Using RNA-Seq to Identify Novel Pathomechanisms in Recessive X-Linked Ichthyosis
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The top layer of skin, the epidermis, is responsible for providing a protective barrier between an organism and its environment. The importance of the epidermis and its barrier functions are shown by the severity of diseases in which there is impaired barrier function, such as the ichthyoses. Recessive X-linked ichthyosis, caused by deletion or point mutations of the STS gene is one of the most common ichthyoses, but there is a paucity of data regarding this disease and its pathomechanisms. My hypothesis was that introducing knockdown of STS into immortalized N/TERT keratinocytes, which are then used to develop a 3D model of the skin, will replicate the disease process. Stable knockdowns of STS were generated in immortalized N/TERT keratinocytes. Knockdown of STS altered histology, lipid content, differentiation, desquamation, and transglutaminase activity in 3D organotypics. Taken together, these data suggests STS is important for regulating epidermal homeostasis and differentiation. The effect of STS knockdown on the transcriptome in primary keratinocytes was analyzed using RNA-Seq. Differentially expressed genes were grouped by pathogenic mechanism in relation to RXLI: differentiation, lipid metabolism, desquamation, testicular development, visual and behavioural disorders. Several genes were validated, including: ALDH1A1, ALDH3A1, ACER1, CYP4F22, OXTR, and UGCG. Novel data included the linking of ALDH1A1 and ALDH3A1 loss to corneal opacities, and OXTR loss to prolonged labour and behavioural disorders. Loss of ACER1 and UGCG will affect lipid metabolism in the epidermis. My hypothesis has been partially confirmed as many pathomechanisms observed in RXLI patient samples have been replicated in the 3D model, including many novel changes in protein expression. In conclusion, this thesis has identified novel pathomechanisms related to the clinical phenotype, both cutaneous and extracutaneous. This gives a greater understanding of the causative mechanisms of RXLI, and also provides a new explanation for the extracutaneous presenting features of RXLI.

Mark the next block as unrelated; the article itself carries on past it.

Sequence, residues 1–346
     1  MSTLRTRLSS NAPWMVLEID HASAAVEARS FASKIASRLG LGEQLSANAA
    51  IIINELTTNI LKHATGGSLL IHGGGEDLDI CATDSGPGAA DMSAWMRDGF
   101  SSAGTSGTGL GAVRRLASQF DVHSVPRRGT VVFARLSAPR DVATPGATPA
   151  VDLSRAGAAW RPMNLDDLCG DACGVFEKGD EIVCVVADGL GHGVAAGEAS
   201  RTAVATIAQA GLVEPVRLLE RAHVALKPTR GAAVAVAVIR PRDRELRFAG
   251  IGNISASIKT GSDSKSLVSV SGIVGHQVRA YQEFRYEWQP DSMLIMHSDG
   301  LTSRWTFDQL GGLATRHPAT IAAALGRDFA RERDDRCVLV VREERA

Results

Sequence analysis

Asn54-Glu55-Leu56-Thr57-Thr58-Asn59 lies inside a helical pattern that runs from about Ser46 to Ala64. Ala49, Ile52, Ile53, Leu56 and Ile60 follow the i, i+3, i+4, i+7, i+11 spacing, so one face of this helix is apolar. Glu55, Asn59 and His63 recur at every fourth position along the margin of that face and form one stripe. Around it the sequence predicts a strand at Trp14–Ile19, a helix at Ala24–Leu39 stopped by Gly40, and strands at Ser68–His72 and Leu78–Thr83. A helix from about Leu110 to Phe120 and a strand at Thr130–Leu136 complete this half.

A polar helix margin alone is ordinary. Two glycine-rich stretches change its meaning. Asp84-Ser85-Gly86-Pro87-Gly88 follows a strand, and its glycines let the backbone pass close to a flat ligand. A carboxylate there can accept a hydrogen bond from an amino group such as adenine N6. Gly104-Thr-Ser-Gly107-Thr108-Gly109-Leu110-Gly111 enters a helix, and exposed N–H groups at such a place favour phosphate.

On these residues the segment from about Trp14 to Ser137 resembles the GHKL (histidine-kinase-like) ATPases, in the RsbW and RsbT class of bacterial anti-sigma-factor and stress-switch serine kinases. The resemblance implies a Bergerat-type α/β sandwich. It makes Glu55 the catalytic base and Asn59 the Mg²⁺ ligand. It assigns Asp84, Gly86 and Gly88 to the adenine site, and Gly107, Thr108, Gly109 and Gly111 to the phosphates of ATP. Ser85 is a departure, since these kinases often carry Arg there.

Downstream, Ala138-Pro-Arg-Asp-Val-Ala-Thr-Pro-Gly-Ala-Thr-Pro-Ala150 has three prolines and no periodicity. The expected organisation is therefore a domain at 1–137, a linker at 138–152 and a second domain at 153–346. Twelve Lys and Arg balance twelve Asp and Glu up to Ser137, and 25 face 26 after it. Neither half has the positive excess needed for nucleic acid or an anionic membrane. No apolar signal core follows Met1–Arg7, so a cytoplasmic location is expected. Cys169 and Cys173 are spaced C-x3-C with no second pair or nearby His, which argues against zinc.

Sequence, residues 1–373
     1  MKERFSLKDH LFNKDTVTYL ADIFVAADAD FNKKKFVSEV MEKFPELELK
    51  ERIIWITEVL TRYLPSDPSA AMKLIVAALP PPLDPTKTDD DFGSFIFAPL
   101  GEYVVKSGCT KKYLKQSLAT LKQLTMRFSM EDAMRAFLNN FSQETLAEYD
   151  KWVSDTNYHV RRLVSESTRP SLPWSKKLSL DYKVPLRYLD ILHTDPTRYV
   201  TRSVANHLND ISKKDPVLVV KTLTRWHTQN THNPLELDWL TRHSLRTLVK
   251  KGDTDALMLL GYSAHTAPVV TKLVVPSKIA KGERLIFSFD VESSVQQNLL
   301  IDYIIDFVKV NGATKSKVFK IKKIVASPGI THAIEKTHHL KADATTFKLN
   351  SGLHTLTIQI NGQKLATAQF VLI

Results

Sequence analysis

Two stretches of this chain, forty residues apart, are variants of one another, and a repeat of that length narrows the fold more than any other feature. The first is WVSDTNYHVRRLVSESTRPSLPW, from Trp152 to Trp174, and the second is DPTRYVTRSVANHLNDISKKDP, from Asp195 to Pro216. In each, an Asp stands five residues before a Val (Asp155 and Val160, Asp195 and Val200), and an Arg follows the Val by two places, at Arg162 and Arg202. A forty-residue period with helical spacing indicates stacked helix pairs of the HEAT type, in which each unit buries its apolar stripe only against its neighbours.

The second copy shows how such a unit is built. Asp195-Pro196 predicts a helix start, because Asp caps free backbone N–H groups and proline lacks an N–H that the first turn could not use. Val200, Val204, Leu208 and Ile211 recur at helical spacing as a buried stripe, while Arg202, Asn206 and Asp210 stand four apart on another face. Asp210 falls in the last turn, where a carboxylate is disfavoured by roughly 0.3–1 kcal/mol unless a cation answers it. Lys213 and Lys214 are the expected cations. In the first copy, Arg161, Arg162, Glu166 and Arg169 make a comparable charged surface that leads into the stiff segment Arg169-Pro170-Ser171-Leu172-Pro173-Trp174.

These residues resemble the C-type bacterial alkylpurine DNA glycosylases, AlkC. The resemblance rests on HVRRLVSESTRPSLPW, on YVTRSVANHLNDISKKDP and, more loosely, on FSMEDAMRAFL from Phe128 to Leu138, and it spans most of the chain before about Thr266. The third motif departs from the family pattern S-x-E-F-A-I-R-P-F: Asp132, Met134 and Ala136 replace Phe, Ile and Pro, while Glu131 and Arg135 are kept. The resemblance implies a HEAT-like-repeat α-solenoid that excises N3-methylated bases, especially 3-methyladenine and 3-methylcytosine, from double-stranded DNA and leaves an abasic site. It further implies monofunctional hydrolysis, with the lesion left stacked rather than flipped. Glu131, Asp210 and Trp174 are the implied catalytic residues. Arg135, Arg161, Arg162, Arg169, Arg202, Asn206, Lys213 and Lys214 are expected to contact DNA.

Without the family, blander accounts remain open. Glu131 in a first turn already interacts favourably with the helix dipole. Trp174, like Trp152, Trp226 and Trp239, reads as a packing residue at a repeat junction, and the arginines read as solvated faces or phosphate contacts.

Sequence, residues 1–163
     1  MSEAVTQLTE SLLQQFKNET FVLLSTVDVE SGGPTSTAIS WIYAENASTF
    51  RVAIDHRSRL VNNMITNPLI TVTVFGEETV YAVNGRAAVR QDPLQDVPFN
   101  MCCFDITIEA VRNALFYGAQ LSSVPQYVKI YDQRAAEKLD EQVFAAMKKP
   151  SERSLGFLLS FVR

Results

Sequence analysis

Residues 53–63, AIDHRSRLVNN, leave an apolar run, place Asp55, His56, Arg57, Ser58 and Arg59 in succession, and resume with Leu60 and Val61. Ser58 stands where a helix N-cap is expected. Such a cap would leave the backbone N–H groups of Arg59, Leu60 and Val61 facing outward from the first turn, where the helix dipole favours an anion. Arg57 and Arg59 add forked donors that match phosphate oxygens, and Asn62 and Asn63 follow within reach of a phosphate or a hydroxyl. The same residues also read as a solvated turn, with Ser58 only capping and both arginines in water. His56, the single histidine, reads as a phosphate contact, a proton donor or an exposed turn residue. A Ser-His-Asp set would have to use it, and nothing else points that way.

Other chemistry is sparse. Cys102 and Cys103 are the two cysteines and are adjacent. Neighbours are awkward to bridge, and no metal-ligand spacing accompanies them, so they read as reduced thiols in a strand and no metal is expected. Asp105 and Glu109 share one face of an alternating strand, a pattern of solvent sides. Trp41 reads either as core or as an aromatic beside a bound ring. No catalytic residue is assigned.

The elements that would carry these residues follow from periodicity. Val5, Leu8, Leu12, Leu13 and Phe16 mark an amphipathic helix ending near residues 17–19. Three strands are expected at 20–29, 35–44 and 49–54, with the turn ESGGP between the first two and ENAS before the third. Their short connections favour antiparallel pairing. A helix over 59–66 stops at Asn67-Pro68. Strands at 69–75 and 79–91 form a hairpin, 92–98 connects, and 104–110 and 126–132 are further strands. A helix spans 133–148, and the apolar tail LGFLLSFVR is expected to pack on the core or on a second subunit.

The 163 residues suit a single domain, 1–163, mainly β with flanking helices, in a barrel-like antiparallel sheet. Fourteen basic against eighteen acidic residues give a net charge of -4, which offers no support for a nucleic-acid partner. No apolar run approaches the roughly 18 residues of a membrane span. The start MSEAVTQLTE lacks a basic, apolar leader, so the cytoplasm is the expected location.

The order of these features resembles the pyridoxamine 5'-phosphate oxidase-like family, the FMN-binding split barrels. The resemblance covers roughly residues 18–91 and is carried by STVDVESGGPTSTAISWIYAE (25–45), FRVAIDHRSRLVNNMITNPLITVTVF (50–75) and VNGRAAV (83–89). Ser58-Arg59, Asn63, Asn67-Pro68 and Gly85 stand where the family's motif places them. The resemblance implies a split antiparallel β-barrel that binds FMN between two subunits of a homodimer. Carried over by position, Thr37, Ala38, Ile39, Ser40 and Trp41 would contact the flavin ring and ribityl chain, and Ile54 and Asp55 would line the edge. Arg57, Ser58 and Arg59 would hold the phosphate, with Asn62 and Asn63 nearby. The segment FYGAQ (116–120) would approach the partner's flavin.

AuthorsMcGeoghan, Farrell Thomas Sean
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